Never in history have 1322 words held out such extraordinary determination to be free as those found in the Declaration of Independence. In 1787, We the people were the three words that not only engendered a new and cohesive nation; they went on to change the face of the world as well. In 1791, the first ten Amendments to the Constitution of the United States of America, known to us as the Bill of Rights introduced the world to the concept of those singular rights that ought to belong to every free individual. and the Constitution of the United States of America with all ratified 27 Amendments to the Constitution are side by side-along with another of America's seminal documents, Thomas Jefferson's Virginia Statute on Religious Freedom, an additional world-changing statement which codified for the first time that one cannot be required by law to support or prefer any belief or be punished for those one does profess - and the basis for what we have come to know as the wall of separation between church and state. States of America is contained between these covers. Cass R. Sunstein prefaces the volume with a succinct history and interpretation of the place and meaning of both the Declaration and the Constitution in American life.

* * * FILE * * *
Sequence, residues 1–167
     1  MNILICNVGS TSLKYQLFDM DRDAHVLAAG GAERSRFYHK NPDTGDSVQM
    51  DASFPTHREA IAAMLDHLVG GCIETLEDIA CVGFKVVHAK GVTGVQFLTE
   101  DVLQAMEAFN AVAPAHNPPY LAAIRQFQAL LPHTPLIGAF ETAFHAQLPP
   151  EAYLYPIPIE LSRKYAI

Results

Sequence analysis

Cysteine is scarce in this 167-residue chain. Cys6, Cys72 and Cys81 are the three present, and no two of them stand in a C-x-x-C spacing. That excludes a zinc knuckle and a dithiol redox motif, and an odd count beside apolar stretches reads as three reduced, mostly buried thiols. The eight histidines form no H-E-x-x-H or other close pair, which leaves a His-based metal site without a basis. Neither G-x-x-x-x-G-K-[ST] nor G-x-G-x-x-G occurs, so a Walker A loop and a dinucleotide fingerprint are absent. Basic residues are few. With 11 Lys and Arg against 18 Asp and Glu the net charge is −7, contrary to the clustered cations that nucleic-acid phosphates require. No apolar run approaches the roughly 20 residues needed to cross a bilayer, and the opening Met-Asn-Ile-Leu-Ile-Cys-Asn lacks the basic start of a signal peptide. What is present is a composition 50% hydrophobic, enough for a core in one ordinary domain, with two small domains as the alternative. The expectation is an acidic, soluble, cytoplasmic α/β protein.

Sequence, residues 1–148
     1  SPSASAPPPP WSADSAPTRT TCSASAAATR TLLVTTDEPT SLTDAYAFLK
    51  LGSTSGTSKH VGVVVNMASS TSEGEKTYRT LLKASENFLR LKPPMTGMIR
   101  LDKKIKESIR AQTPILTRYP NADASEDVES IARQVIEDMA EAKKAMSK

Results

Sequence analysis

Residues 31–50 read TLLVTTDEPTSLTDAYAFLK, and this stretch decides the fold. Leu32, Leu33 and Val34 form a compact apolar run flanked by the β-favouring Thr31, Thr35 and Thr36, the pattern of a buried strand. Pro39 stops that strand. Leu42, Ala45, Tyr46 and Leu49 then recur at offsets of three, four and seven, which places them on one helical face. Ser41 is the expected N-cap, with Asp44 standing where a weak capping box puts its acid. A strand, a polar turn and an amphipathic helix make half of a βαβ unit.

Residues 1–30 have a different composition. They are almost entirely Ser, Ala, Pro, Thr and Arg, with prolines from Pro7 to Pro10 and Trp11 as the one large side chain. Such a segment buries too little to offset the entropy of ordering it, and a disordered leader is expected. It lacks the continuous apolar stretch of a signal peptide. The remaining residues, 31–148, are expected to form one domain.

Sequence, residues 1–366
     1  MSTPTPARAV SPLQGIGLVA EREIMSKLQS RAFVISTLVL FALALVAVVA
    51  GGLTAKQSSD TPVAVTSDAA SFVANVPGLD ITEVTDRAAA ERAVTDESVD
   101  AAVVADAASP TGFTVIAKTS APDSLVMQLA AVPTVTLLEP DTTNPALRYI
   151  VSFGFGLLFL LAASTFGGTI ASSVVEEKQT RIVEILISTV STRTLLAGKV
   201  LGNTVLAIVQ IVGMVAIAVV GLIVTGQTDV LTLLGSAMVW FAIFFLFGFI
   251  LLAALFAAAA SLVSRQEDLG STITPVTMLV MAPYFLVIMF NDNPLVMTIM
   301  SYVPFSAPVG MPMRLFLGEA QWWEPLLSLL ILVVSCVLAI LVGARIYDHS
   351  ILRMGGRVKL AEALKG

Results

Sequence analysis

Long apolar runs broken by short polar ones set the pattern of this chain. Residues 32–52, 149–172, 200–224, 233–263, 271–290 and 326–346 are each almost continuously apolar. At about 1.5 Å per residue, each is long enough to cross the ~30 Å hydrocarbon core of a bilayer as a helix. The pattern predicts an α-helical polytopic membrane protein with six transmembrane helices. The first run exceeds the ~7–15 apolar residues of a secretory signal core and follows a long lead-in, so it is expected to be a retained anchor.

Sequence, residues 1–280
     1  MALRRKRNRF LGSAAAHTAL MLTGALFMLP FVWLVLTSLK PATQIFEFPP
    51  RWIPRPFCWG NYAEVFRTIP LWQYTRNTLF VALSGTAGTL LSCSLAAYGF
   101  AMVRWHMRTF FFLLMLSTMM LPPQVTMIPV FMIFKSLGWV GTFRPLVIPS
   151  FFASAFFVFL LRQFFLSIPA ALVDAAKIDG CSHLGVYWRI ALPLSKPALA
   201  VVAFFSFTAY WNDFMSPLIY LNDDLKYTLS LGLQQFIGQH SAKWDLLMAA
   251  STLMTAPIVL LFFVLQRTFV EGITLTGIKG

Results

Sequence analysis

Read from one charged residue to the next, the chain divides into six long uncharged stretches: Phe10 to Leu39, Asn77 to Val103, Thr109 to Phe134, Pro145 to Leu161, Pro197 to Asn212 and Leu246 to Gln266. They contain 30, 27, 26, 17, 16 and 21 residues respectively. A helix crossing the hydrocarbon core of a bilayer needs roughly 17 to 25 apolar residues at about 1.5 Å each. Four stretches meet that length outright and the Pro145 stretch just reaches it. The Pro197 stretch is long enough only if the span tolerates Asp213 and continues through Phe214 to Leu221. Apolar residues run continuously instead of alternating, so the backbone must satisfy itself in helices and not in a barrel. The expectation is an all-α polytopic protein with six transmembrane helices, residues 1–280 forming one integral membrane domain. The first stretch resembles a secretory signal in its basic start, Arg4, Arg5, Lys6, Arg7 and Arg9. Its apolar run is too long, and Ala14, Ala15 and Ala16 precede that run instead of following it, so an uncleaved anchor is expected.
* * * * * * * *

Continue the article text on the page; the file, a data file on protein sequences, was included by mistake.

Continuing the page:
eBook The Declaration of Independence and the Constitution of the United States of America